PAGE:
Overcoming the barriers to vaccination for the young people of Canterbury

Online opportunities for young people to ask questions about the COVID-19 vaccine, conveniently-timed drop-in and drive-through clinics, and collaborations with youth groups are some of the ways a team led by a Pegasus Health GP are working to raise vaccination rates among Canterbury youth.

Pegasus Health is hosting and supporting the primary care part of the Canterbury-wide vaccination programme. Its aim is to better educate young people about the COVID-19 vaccine and make it easier for them to get vaccinated.

Long-time Pegasus Health GP, Dr Kim Burgess, is the clinical lead for the primary care vaccination programme. She says those aged under 30 have only been offered the opportunity to get vaccinated since the beginning of September. In that time an ‘impressive’ roughly 60 per cent of that group in Canterbury have either been vaccinated or booked in to do so.

To further support those efforts, the Canterbury vaccination programme team researched the barriers for young people and set about addressing them.

The main barriers identified are:

  • time and the opportunity to get vaccinated;
  • transport;
  • the cost of time off work, and travel to get vaccinated;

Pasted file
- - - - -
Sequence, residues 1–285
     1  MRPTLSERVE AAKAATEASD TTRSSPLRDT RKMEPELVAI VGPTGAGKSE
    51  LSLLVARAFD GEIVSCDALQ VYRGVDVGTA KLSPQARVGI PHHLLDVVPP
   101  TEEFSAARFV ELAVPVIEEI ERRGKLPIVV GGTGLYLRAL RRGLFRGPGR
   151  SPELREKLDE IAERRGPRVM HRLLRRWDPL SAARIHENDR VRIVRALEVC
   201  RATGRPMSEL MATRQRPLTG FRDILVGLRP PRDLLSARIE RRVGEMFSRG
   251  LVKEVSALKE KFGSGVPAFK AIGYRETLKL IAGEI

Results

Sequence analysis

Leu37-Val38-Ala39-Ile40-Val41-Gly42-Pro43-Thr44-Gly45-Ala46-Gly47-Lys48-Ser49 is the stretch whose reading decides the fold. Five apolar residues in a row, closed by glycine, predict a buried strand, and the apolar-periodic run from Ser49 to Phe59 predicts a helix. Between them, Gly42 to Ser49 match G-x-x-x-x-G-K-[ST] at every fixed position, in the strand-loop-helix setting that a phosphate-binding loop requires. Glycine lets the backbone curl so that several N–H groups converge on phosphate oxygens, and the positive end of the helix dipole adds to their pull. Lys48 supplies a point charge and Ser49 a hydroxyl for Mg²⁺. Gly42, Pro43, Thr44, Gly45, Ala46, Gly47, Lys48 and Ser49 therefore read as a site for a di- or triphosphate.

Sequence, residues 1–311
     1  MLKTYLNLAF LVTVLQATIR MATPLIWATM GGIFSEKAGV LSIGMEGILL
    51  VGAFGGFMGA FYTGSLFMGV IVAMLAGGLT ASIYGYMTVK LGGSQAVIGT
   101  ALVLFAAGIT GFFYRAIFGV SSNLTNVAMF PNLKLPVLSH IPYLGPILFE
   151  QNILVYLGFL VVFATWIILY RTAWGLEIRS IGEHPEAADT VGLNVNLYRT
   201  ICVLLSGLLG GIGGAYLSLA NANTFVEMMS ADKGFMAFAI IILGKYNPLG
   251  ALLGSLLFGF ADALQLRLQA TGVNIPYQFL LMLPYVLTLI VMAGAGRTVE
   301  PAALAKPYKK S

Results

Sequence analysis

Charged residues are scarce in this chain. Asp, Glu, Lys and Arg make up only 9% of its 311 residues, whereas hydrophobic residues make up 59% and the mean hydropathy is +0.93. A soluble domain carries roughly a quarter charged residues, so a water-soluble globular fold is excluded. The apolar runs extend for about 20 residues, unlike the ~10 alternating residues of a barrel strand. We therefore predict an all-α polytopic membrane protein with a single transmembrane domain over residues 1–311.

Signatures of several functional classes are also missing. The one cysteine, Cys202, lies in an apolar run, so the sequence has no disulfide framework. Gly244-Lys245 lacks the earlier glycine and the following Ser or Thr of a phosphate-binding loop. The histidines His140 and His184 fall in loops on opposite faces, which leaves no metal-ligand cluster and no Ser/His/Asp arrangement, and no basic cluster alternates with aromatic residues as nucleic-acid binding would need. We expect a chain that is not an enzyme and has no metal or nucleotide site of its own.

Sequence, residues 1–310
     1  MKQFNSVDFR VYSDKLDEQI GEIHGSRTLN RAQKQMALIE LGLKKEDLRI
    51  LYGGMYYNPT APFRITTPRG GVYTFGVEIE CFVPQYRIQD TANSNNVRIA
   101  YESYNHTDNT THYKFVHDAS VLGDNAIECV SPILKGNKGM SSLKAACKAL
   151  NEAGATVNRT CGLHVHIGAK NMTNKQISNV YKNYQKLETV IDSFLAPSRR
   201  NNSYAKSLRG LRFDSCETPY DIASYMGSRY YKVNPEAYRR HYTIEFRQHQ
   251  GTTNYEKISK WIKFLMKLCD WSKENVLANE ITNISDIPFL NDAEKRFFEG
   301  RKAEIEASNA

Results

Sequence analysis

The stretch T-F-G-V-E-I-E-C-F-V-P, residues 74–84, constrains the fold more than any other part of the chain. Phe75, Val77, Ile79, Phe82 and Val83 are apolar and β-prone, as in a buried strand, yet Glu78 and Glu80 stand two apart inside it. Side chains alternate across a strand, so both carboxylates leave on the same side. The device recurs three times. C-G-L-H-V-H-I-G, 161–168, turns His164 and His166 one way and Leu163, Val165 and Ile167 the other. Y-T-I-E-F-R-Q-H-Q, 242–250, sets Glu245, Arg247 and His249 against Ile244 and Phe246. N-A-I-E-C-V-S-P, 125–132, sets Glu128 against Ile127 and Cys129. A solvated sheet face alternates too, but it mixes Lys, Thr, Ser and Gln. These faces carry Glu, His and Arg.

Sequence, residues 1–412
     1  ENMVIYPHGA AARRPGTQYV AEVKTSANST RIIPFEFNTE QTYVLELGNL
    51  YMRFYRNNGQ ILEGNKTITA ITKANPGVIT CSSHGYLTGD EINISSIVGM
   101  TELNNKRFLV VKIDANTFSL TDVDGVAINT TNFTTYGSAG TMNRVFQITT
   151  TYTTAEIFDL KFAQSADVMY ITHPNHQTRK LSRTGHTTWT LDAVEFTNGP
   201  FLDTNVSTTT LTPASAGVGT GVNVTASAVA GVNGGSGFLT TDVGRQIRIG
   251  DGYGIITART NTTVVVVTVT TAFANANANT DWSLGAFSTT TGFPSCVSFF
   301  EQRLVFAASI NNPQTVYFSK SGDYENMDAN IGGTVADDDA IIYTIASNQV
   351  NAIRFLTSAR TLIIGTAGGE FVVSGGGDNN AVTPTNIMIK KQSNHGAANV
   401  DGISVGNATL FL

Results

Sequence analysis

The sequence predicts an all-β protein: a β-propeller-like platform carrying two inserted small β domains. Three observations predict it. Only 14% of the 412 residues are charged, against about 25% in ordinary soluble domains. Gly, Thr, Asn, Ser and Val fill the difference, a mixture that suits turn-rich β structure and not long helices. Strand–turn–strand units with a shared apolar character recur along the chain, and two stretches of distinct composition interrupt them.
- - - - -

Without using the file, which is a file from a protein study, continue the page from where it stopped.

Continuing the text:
• difficulty navigating the health system to find and book a vaccination;
  • a sense that COVID was not a big threat to young people;
  • a lack of urgency to get vaccinated;
  • hesitancy or anxiety about the vaccine, its side-effects or needles;
  • and worry caused by anti-vaccination messages.

Kim says the vaccination programme team has offered factual information through webinars in partnership with youth groups such as the Christchurch Youth Council and Canterbury Youth Workers Collective. They
are also arranging more drop-in and drive-through clinics – making it more convenient for young people to get a vaccination. They will also text enrolled patients under the age of 35. Clinics will be set up at Canterbury
tertiary educators, some schools, community centres and rugby clubs. Tailored clinics are also being made available for groups such as the deaf community, Māori and Pasifika youth, and those with the need for a low-sensory environment.


Read the full October newsletter.